|Publication number||US6284391 B1|
|Application number||US 09/351,539|
|Publication date||Sep 4, 2001|
|Filing date||Jul 12, 1999|
|Priority date||Jul 12, 1999|
|Also published as||CA2379134A1, CN1360540A, EP1208007A1, US6540844, WO2001003923A1|
|Publication number||09351539, 351539, US 6284391 B1, US 6284391B1, US-B1-6284391, US6284391 B1, US6284391B1|
|Inventors||Russell A. Crook|
|Original Assignee||Corning Incorporated|
|Export Citation||BiBTeX, EndNote, RefMan|
|Patent Citations (9), Non-Patent Citations (4), Referenced by (4), Classifications (33), Legal Events (7)|
|External Links: USPTO, USPTO Assignment, Espacenet|
1. Field of the Invention
This invention relates to the field of providing organic polymer coatings on metal surfaces, and more particularly to the field of utilizing sol-gel films as an interface which promotes adhesion between a metal surface and an organic polymer coating.
2. Technical Background
The use of a sol-gel film to produce a metal surface coating suitable as an interface to improve adhesion between the metal surface and an organic matrix resin or adhesive is well known. The sol-gel film provides corrosion resistance to a limited extent and promotes adhesion with an organic resin. A sol is used to produce the sol-gel film on the surface of the metal. Examples of sols which have been used to produce a sol-gel coating on a metal surface include organosilane coupling agents. The sol-gel film is typically applied by immersing, spraying or drenching the metal in or with the sol without rinsing. The sol-gel film includes sites which bond with the metal and separate sites which can bond with an organic resin coating. After application, the sol coating is usually dried such as ambient temperature or, more commonly, at a temperature between ambient and 250° F. (about 120° C.) to complete the sol-gel film formation. Conventional methods of forming a sol-gel film on a metal surface involve the interaction of metal alkoxides with a metal oxide on the surface of the metal to form M1—O—M2, linkages, in which M1 is a metal atom on the surface of the metal which is to be coated, and M2 is a metal atom of a metal alkoxide in the sol. Sol-gel films have been successfully employed as an interfacial layer to promote adhesion between an organic resin and a metal surface. However, useful results have been limited to metals which develop a metal oxide surface, such as aluminum and titanium. Sol-gel films have not been successfully employed as an interfacial layer for promoting good adhesion between an organic polymer coating and the surface of a metal which does not develop a metal oxide surface. Examples of such metals include various noble metals, such as gold, silver, platinum, palladium, iridium, rhenium, ruthenium and osmium.
Therefore, it would be desirable to provide an improved method for forming a sol-gel film on the surface of a metal to promote good adhesion between the surface of the metal and an organic resin coating, especially between an unreactive metal surface, such as the surface of a noble metal, and an organic resin coating.
The invention pertains to an improved method of forming a sol-gel on a metal surface, to provide an interface for promoting adhesion between the metal surface and an organic polymer coating, and to the resulting sol-gel coated metal surface.
The method involves applying, to a metal surface, at least one metal alkoxide compound having at least one labile sulfur atom, and at least one metal alkoxide compound having at least one reactive moiety which will bond with an organic resin. The labile sulfur atom bonds with the metal surface, and the two metal alkoxide compounds react to form a sol-gel network. The resulting sol-gel can serve as an interface for promoting adhesion between the metal surface and an organic polymer coating.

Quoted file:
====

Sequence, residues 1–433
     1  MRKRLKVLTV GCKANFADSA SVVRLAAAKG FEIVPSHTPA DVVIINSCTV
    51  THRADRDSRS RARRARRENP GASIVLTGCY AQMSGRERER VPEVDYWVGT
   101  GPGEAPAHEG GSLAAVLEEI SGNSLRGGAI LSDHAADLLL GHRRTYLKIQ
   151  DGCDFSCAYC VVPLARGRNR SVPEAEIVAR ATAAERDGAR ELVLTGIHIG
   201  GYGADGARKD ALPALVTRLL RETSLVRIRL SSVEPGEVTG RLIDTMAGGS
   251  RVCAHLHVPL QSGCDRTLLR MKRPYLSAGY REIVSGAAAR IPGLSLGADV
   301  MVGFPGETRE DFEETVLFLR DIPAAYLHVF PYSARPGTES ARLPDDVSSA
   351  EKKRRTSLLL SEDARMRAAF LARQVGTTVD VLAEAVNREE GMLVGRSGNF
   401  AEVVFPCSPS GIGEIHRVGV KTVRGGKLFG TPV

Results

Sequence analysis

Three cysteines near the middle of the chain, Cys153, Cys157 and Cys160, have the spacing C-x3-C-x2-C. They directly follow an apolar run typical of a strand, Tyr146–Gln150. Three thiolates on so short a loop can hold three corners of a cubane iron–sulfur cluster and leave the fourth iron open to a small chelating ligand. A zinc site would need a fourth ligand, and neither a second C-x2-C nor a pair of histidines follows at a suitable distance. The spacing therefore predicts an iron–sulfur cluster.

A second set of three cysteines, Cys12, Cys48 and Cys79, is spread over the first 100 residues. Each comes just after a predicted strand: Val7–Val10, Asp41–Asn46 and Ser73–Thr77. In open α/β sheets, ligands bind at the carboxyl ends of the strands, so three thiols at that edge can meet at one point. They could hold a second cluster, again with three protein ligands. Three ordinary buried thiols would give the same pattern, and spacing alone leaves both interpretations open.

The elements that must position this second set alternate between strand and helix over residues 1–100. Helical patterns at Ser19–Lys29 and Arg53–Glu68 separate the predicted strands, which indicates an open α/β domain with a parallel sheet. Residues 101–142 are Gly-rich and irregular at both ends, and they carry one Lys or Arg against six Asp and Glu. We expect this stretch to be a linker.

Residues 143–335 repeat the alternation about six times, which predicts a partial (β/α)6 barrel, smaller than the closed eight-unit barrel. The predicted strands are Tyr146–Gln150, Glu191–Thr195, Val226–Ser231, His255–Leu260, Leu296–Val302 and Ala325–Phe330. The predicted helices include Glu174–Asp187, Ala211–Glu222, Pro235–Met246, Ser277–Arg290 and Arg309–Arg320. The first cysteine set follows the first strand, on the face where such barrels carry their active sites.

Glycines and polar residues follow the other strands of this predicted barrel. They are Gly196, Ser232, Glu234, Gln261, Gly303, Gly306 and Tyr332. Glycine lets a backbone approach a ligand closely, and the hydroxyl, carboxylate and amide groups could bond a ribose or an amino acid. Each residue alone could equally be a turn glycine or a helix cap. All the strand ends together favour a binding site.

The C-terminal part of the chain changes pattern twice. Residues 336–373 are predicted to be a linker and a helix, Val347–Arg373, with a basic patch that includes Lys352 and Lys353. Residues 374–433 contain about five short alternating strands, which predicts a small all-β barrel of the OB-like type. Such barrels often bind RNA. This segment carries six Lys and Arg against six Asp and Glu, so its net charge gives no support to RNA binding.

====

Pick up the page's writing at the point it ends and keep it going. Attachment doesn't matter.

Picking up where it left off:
The invention also pertains to housings for moisture sensitive devices, such as moisture sensitive optical devices, which comprise a plurality of metal plates soldered at their edges to define the housing, wherein an organic polymer coating is applied to at least the exterior surfaces of the housing at the joints to provide a moisture barrier which prevents corrosion at the joints.
FIG. 1 is a schematic illustration of a sol-gel formed on the surface of a metal;
FIG. 2 shows lap shear strength data in graphical form for an organic polymer bonded to a gold plated nickel substrate base, which data illustrates the effect of metal alkoxide concentration in a sol used to form a sol-gel interface between the gold surface and the organic polymer; and
FIG. 3 is a schematic representation of a housing for an optical device, in which the surfaces of the walls of the housing have been treated with a sol-gel to enhance adhesion with a protective organic polymer coating.
Although the invention may be most advantageously employed to promote good adhesion between an organic polymer coating and the surface of a metal which does not develop an oxide coating, the invention may also be advantageously employed to promote adhesion between an organic polymer coating and other metals which develop metal oxide surfaces, such as steel, aluminum, copper, brass, etc.
After suitable preparation of the metal surface, e.g., cleaning, degreasing, etc., a sol coating composition is applied to the metal surface. The sol coating composition includes at least one metal alkoxide compound which has at least one labile sulfur atom. The labile sulfur atom covalently bonds with a metal atom at the metal surface. The sol coating composition may also contain at least one other metal alkoxide compound which includes at least one reactive moiety which is capable of bonding with an organic resin. Alternatively, the metal alkoxide compound having at least one reactive moiety which is capable of bonding with an organic resin may be applied separately. The metal alkoxides engage in condensation reactions to form a polymer network, which has an inorganic (metal oxide) backbone, on the metal surface. The sol-gel polymer network is tenaciously held to the metal surface by covalent sulfur-metal bonds. The invention is particularly useful for providing a sol-gel interface which promotes adhesion between a relatively inert metal surface, such as a noble metal surface, e.g., gold, silver, platinum, palladium, iridium, rhenium, ruthenium and osmium, and an organic polymer coating.